Shifting baselines

 

In “Restoration’s crisis of confidence” (HCN, 8/6/18), Maya Kapoor offers a thoughtful summary of current debates about the role of history in ecological restoration.

Kapoor correctly describes how restorationists in the Southwest are moving away from their traditional focus on recovering historic baseline, or “reference,” conditions. Baselines have always been arbitrary and difficult to describe, and they are increasingly detached from the kinds of future scenarios we associate with climate change.

Two other points, however, are worth mentioning.

First, the notion of restoring degraded ecosystems to pristine conditions is mostly limited to the Anglophone world of former British colonies. In most other regions, including Europe, the idea of restoring ecosystems to a pristine natural state has never resonated. We Americans are just beginning to catch up.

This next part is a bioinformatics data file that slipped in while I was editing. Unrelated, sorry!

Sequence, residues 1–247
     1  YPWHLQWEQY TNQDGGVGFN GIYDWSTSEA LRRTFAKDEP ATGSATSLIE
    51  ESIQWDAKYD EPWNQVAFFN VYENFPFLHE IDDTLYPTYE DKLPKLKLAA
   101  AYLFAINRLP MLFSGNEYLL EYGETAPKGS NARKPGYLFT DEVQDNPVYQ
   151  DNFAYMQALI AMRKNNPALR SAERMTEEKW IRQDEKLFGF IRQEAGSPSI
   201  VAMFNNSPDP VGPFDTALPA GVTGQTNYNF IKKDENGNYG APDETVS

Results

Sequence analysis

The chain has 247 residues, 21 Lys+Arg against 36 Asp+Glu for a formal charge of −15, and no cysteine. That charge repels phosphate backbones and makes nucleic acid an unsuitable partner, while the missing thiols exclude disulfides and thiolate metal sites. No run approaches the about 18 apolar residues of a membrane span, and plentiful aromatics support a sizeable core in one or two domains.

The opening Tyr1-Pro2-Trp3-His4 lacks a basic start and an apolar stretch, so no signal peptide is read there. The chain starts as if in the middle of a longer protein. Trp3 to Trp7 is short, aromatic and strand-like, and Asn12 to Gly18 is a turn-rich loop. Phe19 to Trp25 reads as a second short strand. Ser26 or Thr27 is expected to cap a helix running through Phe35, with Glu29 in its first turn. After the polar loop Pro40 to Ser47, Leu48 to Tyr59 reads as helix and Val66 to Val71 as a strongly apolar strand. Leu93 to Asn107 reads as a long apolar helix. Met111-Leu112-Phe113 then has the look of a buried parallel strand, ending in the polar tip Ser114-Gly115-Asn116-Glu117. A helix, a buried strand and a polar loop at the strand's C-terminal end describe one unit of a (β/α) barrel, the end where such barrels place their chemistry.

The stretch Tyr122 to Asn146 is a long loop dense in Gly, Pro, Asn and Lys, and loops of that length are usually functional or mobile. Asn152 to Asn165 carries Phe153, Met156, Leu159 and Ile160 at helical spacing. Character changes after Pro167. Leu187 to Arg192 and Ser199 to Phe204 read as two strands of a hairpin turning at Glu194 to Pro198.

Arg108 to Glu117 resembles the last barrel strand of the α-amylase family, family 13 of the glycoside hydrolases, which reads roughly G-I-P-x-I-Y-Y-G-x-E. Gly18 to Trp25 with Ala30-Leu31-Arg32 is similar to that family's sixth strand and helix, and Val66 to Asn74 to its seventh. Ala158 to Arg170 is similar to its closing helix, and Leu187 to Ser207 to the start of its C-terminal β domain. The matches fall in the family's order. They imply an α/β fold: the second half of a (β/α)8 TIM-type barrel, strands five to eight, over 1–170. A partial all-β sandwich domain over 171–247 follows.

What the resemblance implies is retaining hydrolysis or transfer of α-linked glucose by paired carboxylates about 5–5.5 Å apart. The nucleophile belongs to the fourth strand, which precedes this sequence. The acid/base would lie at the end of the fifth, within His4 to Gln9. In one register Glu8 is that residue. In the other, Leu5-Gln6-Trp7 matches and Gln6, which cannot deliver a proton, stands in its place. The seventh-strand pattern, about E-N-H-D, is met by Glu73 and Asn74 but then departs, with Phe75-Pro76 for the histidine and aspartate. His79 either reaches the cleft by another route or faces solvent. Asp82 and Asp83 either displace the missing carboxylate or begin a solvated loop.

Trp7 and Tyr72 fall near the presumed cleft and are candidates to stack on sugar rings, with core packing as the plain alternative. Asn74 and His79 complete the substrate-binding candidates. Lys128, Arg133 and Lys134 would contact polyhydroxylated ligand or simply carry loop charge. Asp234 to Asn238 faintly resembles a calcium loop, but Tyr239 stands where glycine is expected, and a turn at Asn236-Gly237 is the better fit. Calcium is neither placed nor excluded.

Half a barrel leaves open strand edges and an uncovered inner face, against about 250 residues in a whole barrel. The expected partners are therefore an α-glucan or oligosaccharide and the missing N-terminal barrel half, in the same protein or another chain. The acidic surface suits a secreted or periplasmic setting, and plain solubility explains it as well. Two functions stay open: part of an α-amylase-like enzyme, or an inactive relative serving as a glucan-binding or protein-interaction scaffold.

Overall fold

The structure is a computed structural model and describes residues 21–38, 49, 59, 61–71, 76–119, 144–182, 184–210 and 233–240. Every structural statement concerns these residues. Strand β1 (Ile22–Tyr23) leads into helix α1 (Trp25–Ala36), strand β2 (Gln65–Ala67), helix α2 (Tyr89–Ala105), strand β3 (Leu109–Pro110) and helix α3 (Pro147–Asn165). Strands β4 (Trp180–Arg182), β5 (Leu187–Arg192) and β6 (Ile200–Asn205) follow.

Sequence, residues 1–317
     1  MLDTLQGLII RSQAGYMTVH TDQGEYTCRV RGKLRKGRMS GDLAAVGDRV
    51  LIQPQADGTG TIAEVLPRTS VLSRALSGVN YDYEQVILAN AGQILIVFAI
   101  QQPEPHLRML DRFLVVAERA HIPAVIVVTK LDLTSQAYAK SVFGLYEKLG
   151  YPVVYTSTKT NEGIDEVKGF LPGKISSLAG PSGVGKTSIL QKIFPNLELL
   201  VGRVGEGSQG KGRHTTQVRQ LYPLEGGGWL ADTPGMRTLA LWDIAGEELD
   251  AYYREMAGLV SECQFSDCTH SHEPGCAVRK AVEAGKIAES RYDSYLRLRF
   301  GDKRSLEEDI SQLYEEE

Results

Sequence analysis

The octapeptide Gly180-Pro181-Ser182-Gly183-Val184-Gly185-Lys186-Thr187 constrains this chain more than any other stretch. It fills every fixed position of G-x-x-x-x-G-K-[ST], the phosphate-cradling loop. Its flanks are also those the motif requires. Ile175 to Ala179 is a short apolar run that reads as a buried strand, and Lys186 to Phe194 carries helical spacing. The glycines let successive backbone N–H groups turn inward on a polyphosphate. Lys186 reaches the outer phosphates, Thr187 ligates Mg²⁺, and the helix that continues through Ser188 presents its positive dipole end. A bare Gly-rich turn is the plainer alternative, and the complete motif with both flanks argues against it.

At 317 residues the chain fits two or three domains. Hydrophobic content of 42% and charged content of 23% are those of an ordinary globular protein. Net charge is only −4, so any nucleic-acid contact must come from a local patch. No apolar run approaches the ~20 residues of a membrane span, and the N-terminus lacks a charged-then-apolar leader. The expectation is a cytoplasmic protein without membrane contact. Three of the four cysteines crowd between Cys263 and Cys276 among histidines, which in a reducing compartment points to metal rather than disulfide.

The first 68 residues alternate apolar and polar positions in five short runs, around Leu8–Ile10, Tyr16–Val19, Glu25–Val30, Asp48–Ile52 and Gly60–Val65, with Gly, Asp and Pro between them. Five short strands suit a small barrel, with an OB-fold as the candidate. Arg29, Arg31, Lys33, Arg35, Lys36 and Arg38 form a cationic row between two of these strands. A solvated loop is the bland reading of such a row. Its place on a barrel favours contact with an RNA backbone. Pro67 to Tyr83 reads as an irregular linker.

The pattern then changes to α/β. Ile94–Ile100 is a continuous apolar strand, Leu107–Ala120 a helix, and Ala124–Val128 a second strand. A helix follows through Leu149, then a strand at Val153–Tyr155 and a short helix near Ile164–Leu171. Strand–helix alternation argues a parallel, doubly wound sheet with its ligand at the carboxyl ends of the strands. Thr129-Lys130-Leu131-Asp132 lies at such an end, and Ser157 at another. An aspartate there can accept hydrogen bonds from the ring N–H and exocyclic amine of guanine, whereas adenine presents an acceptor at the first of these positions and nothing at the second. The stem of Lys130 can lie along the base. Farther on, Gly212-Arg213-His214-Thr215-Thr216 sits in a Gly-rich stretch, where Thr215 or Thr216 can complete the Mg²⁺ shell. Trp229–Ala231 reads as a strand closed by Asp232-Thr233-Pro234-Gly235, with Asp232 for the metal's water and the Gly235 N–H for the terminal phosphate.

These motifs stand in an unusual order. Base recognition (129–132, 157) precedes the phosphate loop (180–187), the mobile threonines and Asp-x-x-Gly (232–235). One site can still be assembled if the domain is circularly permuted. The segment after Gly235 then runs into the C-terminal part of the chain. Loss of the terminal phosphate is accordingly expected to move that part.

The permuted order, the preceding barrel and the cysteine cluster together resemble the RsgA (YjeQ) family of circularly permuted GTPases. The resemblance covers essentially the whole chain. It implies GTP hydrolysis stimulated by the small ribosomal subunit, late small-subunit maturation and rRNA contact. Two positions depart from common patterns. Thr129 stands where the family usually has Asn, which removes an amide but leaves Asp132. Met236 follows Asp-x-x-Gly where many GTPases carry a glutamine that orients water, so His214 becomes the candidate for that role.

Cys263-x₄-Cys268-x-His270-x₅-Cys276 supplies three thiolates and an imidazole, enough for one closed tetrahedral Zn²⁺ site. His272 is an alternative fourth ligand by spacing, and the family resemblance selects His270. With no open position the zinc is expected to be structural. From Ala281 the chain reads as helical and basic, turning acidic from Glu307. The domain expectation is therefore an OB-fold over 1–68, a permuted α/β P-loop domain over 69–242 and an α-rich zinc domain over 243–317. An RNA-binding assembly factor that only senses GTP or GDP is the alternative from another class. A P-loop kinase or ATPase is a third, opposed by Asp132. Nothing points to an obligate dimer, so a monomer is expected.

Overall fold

Second, the idea that history is no longer relevant for restoration — “ecologists can’t look to the past,” as Kapoor puts it — because ecosystems are so dynamic ignores the fact that we know ecosystems are so dynamic largely from research about the past in fields such as paleoecology, historical ecology and environmental history.

History cannot provide a roadmap for specific restoration plans, but it remains essential for placing those plans in their larger context of social and environmental change.

Peter S. Alagona
Santa Barbara, California

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